Saturday, July 15th, Reg had a very humbling experience as he was inducted into the Pathway of Fame in Peterborough, Ontario.
This is what they had to say about him:
There is a story familiar to Canadians, that of the young leaving Newfoundland to seek a better life in Ontario and beyond. Some abandon their roots. The special ones fight to keep the essence of their small, tight-knit birth places in their souls. Reg Benoit came to Ontario to build a future in music, but he never forgot the itrinsic value of individual human beings that he learned in Stephenville.
Typical of so many musicians, Reg created a steady if unspectacular career. He did well enough to garner acclaim, although not enough to quit his day job. Then in 1998, Reg's world came to an abrupt halt. A serious spinal cord injury sustained at that day job forced him to pursue music full time and to fine tune his passion for life and people. The unexpected tragedy became a new direction in the service of others through music and a deeper understanding of how life works out. He has performed tirelessly to entertain seniors, the sick and in aid of an impressive list of fundraising projects large and small, public and personal. His music has benefited the St. John's Children's Hospital and Sick Kids Hospital in Toronto. he has devoted time and energy to native groups and when Canada's last surviving Father of Confederation, Joey Smallwood, ran into financial difficulties writing his history of Newfoundland, Reg was there to help. Along the way, Reg became a pastor in order to touch people in the darker corners where even music cannot reach. Reg Benoit is a symbol of those for whom music is not a road to riches, but a challenging path to the hearts of people.
Reg was lost for words when given the opportunity to give a one minute thank you speech. It was terribly emotional for him.
We are proud of him.
New Names for Pathway of Fame
The Examiner (c) content Copyright
Local News - Monday, May 29, 2006 @ 09:00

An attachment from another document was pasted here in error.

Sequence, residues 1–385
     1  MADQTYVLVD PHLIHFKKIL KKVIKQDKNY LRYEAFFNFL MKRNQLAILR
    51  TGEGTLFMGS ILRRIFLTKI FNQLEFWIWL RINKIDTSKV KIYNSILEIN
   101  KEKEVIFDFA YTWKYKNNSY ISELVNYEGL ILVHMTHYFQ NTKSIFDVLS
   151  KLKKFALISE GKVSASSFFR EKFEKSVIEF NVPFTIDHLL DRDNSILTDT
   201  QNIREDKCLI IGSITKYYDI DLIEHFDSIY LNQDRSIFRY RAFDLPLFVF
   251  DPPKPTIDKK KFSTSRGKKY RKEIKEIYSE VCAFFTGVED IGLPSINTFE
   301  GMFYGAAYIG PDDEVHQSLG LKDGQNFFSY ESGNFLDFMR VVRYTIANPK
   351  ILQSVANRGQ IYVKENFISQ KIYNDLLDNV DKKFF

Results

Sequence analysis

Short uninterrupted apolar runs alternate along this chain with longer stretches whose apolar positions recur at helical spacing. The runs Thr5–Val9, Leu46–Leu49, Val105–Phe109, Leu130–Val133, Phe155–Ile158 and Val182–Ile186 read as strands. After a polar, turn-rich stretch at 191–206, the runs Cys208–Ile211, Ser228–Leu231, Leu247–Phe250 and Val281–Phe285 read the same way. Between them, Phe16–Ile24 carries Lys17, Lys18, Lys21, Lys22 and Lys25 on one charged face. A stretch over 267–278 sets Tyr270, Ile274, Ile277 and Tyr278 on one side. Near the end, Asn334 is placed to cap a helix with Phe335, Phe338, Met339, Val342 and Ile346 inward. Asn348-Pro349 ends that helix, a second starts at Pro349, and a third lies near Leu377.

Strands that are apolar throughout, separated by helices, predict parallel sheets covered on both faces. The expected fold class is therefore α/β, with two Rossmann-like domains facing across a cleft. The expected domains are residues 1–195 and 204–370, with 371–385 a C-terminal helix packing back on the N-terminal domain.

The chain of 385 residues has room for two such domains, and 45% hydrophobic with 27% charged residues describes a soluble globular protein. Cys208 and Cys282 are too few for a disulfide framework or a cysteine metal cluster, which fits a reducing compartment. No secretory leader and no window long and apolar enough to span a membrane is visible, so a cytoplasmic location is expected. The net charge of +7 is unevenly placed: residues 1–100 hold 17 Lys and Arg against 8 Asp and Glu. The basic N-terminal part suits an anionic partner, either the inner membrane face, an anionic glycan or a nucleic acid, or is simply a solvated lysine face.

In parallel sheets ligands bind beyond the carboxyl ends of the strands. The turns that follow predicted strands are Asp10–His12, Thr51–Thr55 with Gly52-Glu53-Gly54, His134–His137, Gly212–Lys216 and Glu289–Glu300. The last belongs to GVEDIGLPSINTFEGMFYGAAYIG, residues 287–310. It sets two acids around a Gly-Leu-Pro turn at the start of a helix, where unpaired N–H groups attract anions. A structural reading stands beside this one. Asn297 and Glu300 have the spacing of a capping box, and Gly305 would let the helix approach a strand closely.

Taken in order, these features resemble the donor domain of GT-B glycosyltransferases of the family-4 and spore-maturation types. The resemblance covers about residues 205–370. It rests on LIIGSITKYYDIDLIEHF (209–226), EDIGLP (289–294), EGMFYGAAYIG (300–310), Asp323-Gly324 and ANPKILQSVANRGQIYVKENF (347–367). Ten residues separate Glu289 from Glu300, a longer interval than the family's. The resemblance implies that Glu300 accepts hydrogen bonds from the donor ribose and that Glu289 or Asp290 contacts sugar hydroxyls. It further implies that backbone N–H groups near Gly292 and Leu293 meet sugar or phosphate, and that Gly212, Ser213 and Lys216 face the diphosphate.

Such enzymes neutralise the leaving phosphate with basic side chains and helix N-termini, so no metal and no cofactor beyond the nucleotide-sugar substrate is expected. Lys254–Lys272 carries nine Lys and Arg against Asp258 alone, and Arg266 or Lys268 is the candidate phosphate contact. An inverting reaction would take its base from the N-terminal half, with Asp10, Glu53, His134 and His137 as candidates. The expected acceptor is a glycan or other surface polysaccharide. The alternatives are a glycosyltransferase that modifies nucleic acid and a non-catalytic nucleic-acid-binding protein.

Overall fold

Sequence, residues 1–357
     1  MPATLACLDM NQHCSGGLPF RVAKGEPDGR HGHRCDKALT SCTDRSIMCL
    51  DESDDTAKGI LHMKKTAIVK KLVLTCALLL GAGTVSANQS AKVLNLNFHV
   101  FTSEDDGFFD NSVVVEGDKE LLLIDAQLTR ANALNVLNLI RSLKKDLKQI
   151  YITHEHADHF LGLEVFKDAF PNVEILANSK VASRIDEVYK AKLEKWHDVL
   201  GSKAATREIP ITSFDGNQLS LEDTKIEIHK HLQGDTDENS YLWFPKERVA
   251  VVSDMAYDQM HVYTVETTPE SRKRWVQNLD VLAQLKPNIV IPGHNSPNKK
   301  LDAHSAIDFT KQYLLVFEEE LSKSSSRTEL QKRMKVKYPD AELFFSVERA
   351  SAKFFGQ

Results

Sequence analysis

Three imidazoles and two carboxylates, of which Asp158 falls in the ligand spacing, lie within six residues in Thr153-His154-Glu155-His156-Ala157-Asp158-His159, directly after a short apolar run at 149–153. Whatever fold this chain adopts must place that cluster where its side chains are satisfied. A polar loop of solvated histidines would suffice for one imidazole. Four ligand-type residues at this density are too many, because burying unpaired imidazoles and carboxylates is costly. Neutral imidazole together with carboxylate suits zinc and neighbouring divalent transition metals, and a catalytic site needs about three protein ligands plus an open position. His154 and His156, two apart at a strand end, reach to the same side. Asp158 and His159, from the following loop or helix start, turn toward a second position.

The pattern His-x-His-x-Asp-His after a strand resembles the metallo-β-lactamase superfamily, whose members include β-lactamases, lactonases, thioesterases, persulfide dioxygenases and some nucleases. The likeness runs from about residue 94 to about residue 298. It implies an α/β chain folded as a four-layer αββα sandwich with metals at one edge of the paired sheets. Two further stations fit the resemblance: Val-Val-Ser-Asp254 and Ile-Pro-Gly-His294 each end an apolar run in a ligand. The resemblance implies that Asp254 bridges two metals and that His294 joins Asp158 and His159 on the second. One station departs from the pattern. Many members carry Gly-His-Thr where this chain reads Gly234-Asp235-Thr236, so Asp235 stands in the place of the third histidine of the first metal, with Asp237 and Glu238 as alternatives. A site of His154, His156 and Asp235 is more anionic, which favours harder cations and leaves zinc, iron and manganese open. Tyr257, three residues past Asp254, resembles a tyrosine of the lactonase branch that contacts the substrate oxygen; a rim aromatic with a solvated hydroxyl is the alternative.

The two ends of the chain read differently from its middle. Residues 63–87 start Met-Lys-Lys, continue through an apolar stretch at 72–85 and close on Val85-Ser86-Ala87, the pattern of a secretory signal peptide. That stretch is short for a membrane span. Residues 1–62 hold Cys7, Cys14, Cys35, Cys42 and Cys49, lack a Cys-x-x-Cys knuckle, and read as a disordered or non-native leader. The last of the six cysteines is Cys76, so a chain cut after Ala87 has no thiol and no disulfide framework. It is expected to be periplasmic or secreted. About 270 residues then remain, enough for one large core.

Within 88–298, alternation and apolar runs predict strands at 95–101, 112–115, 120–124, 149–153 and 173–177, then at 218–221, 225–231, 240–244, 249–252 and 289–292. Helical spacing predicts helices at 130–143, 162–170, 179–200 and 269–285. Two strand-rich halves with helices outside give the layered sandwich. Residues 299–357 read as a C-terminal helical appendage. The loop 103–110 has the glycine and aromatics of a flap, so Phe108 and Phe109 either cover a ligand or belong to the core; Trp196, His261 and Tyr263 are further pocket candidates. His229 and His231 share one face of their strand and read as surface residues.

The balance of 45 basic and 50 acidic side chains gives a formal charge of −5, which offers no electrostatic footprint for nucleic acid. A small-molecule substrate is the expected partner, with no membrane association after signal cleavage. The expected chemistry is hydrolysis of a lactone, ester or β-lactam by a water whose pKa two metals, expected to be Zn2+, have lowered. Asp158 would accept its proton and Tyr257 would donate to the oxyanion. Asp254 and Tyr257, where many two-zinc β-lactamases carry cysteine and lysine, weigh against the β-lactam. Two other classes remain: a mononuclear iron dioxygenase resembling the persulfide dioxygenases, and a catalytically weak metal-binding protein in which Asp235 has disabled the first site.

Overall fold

The 2006 inductees for the Pathway of Fame have been announced.
Pathway chairman Sean Eyre made the announcement during the Good 'n Country Music Jamboree at the Trentwinds International Centre yesterday.
"We are so proud of the nominees selected this year," Eyre said.
"They uphold a nine-year tradition of honouring excellence in our community."
The 17 inductees were selected by a panel who reviewed more than 70 nominations.
Inductees fall into one of seven categories including visual arts, literary, journalism, drama, community betterment, Samaritan and musical entertainment.
"We acknowledge people from all walks of life who have made a significant contribution to the area," said Barb Bell, first vice-president of the pathway committee.
Reg Benoit was one of the inductees who was on hand for the announcement. He was at the centre performing country music for the crowd.
"I'm overwhelmed, I don't know what to say, I didn't know I was in the running," Benoit said.
The singer has lived in the area for 35 years.
Benoit has a reputation for singing both the male and female parts in his songs, a talent he says he uncovered the night his singing partner didn't show up for a concert.
"I got on stage and started singing the female part in a female voice and the rest of my band almost fell over."
The Pathway of Fame inductees for 2006 are:
- Visual Arts: Richard Hayman
- Literary: Munroe Scott, Bernice Harris
- Journalist: Charles Gledden Burnham "Nick" Nickels
- Drama: Rob Winslow, Richard Alan Nunn
- Community Betterment: Del Haddlesey, Jack Blakely, Paul Lafond
- Samaritan: Dr. John (Jack) Orval Parker, Joseph (Joe) Whetung, Dr. W.E. Rayes
- Musical Entertainment: Bud Monahan, Syd and Pamela Birrell, Norm Post, Reg Benoit
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